HONOR ROLL CLASP

Date of Establishment:

  • Badge – Clasp for the Army (Heer): January 30, 1944
  • Badge – Clasp for the Navy (Kriegsmarine): May 13, 1944
  • Badge – Clasp for the Air Force (Luftwaffe): July 5, 1944

Criteria for Award:

  • Badge – Clasp for the Army (Heer):
    • Being a recipient of the Iron Cross 2nd Class
    • Performing an act of bravery beyond general military duties, but not sufficient for the Knight’s Cross or the German Cross
    • Being appointed as an honorary candidate for the badge – clasp
  • Badge – Clasp for the Navy (Kriegsmarine):
    • Being a recipient of the Iron Cross 2nd Class
    • Performing an act of bravery beyond general military duties, but not sufficient for the Knight’s Cross or the German Cross
  • Badge – Clasp for the Air Force (Luftwaffe):
    • Being a recipient of the Iron Cross 2nd Class
    • Performing an act of bravery beyond general military duties, but not sufficient for the Knight’s Cross or the German Cross
    • Recipients of the Honorary Goblet of the Luftwaffe are automatically eligible for the award of the honorary badge – clasp

Conclusion of Production and Number of Awards:

Production of all badge – clasps continued until the end of 1945, i.e., the end of the war. There were 4556 badge – clasps awarded for the Army (Heer), 37 for the Navy (Kriegsmarine), and the number of badge – clasps awarded for the Air Force (Luftwaffe) is unknown.

Manufacturing Method and Material:

All specimens of the honorary badge – clasp were manufactured using the principle of die forging, and all specimens have an unfinished back. The material used for making the honorary badge – clasps is tombak or tombak-like alloy, which is gilded and polished after shaping, giving the decoration an exceptionally beautiful appearance befitting its significance.

Wearing:

The decoration was worn on both formal occasions and in combat situations. The officially prescribed location and method for wearing it was the second buttonhole on the uniform, where the ribbon for the Iron Cross 2nd Class or the Medal of the Russian Campaign could also be worn. In the case of multiple ribbons, the honorary badge – clasp was worn first, i.e., before all other ribbons.

Presentation:

Due to its importance, the decoration was presented in an elegant black case, often covered with artificial or, in extremely rare cases, genuine leather. The interior of the case for the Army (Heer) badge – clasp is beige or ochre in color, while for the Air Force (Luftwaffe) or Navy (Kriegsmarine) versions, the interior is dark blue. The recipient of the decoration also received an additional award certificate and an entry in the military document – “soldbuch.”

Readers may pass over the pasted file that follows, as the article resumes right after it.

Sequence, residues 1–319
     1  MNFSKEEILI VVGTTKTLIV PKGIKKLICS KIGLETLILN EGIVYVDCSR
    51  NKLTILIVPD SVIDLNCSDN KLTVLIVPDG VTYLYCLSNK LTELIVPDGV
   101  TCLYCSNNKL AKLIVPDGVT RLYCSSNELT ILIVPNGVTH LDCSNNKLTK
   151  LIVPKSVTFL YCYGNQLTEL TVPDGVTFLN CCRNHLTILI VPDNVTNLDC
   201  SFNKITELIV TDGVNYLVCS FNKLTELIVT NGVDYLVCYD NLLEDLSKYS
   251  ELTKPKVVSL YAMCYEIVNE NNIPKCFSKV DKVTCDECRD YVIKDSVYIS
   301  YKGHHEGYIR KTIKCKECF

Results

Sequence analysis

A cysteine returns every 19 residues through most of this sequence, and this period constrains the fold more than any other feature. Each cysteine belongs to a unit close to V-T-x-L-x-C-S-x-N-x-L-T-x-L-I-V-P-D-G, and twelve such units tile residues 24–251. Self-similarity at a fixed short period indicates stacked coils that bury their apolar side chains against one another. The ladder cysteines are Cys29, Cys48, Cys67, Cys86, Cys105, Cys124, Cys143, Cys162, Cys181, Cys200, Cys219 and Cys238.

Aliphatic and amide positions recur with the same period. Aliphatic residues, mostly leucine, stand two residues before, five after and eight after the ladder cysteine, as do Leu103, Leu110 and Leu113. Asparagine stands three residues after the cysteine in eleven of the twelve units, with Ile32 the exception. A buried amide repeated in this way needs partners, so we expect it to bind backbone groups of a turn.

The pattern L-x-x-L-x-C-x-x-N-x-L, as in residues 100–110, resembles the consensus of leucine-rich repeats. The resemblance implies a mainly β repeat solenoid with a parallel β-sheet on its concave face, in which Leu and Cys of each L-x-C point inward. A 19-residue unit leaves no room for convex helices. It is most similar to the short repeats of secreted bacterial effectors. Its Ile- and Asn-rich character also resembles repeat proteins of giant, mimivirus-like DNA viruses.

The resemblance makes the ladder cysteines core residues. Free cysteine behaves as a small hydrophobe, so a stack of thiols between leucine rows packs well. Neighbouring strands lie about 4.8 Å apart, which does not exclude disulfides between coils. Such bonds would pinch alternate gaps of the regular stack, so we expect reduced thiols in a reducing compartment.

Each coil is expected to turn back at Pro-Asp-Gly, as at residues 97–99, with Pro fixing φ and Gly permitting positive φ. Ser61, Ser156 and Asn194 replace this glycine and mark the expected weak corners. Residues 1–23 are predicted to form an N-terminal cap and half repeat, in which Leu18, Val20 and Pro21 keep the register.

General Description of the Badge:

In all three versions of the honorary badge – clasp, the base is the same. The decoration is composed of an oak leaf wreath, which varies between versions. For the Army (Heer) badge – clasp, the wreath is open at the top and is tied off with a bow at the bottom. The oak leaves are larger than those on the other two versions. Inside the wreath, there is a slightly tilted swastika, which has a groove or line along its edges, giving it a unique appearance and detail.

Measurements (Standard):

  • Badge – Clasp for the Army (Heer):
    • Width: 24.5 millimeters
    • Height: 26 millimeters
    • Depth (maximum): 5 millimeters
  • Badge – Clasp for the Navy (Kriegsmarine):
    • Height: 25.7 millimeters
    • Width: 12.8 millimeters
    • Weight: 2.92 grams (without ribbon)
    • Anchor: 20 millimeters
  • Badge – Clasp for the Air Force (Luftwaffe):
    • Height: 24.4 millimeters
    • Width: 24.4 millimeters
    • Eagle: 18.5 millimeters
    • Weight: 2.5 grams (without ribbon)

Honorary Badges: Kriegsmarine, Heer, and Luftwaffe

It should be noted that all three versions, especially the badge – clasps for the Air Force (Luftwaffe) and Navy (Kriegsmarine), are extremely rare specimens and are therefore often counterfeited and reproduced. Details that most commonly reveal that a Navy badge – clasp is a copy include the bluntness (lack of sharpness) of the badge, the holding of the wreath on the ribbon, and the completeness of the back – all original specimens had an unfinished back, while copies often have this area cut out.

 

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